Why you should fire bad freelance clients

We’ve all had them or at least heard the horror stories about them. Bad clients. They don’t pay on time, they don’t explain what they want, they ask for endless changes, and generally give you a pain in the neck. These people make you question the reason you decided to become a creative freelancer in the first place.

Halt! Don't hire that bad client!
Halt! Don’t hire that bad client!

But why is it that creative freelancers often keep these bad clients on their books, accepting work from them time and again. When what they really want to do is tell them, in no uncertain terms, to take a long hike.

Freelancing can be a precarious existence. So, when an elusive client pops up, freelancers tend to do all they can to hold onto that source of money. Even if that client turns out to be a client from hell.

Starting to lose your mind? Fire those bad clients.
Starting to lose your mind? Fire those bad clients.

It’s understandable. It’s hard to say no to that money when you have bills to pay. But, as Addison Duvall explains in her article Why you should fire your worst freelance design clients, keeping hold of those bad clients could be doing you more harm than good:

Every crap job you take puts you that much further away from your true goal of doing work you love and are proud to display to others

What if it’s the bad work that’s keeping you from progressing further in your freelance career? The work you do for bad clients tends to be poor quality. It often can’t be shown in your portfolio because the client has destroyed it with their overbearing ‘creative vision’. Ask yourself this: is it ever something you’re proud of? If the answer is no, you should seriously think about ditching that client.

Bad clients can make you lose the will to live.
Bad clients can make you lose the will to live.

Don’t hold onto the notion that eventually your bad client will change. As Addison states:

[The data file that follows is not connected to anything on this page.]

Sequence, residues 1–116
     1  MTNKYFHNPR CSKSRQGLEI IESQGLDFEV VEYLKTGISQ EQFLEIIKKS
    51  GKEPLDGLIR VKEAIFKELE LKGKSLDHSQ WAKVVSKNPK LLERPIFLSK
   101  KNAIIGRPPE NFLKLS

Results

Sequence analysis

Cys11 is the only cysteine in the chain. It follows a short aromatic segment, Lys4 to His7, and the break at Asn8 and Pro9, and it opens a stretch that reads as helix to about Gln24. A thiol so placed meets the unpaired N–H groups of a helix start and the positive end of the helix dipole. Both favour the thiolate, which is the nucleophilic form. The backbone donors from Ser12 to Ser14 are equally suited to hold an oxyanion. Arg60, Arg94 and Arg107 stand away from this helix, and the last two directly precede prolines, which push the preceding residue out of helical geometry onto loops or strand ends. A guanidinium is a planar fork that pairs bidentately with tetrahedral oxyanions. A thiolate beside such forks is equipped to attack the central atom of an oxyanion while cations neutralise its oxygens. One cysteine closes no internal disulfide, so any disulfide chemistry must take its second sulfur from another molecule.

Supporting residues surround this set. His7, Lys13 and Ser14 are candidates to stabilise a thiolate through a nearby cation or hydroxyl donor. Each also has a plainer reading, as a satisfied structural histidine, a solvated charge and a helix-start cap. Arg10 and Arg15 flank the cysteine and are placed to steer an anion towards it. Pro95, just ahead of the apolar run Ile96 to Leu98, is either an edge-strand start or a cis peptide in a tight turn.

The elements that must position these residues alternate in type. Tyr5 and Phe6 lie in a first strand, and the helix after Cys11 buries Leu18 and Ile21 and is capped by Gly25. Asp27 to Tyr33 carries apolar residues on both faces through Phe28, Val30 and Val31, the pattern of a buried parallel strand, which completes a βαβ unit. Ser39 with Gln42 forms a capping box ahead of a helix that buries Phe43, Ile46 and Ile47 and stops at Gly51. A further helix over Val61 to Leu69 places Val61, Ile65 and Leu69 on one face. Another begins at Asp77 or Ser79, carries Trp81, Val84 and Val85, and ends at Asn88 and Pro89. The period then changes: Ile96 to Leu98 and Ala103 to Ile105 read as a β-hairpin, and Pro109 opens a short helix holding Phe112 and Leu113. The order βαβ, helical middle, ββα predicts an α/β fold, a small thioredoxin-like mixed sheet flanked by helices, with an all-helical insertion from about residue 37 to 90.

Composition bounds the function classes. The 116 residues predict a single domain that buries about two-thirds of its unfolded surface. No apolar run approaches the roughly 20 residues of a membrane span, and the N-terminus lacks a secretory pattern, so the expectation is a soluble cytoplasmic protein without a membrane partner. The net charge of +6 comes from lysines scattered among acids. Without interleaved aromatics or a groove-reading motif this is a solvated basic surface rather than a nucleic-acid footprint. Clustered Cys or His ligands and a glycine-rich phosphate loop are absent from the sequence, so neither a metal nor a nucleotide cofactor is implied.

A bad client will never, ever, ever, ever change into a good one

Why should they change their ways? You’re letting them get away with treating freelancers however they want. They’ve got it good. Plus, a bad client probably wouldn’t recognise quality work if it hit them in the face.

But what about the money? If a steady income is all you want, perhaps freelancing isn’t for you. Look at getting a full-time job instead. With freelancing, you need to take some risks in order to reap the rewards. It might seem scary, but in the end it’ll be worth it. If you make sure you’ve got a financial safety net in place, it’ll be easier to fire those bad clients and start seeking out good ones.


Is the money from your bad clients even that great? If you take a good look at how long you spend working on their projects and the amount of work they ask you to do, they could actually turn out to be poor value for money. Bad clients can take up a lot of your ‘un-billable hours’, such as pestering you with multiple phone calls, texts and emails. Plus there’s the numerous change requests they send when the project should have been finished and put to bed long ago. If any of your bad clients exhibit this behaviour, it’s time to swap them for better ones.
At the end of the day, confidence and experience will help you wake up from your bad client nightmare. New and inexperienced freelancers will often take on bad clients and then end up keeping them for life because they feel like they can’t fire them. The freelancer – client relationship is a two way street. You’re hiring your client as much as they’re hiring you, and if it isn’t working out, firing them will set you free.




After studying English Literature at university, Vicky decided she didn’t want to be either a teacher or whoever it is that writes those interminable mash-up novels about Jane Austen and pirates, so sensibly moved into graphic design.

She worked freelance for some time on various projects before starting at Twine and giving the site its unique, colourful look.

Despite having studied in Manchester and spent some years in Cheshire, she’s originally from Cumbria and stubbornly refuses to pick up a Mancunian accent. A keen hiker, Vicky also shows her geographic preferences by preferring the Cumbrian landscape to anything more local.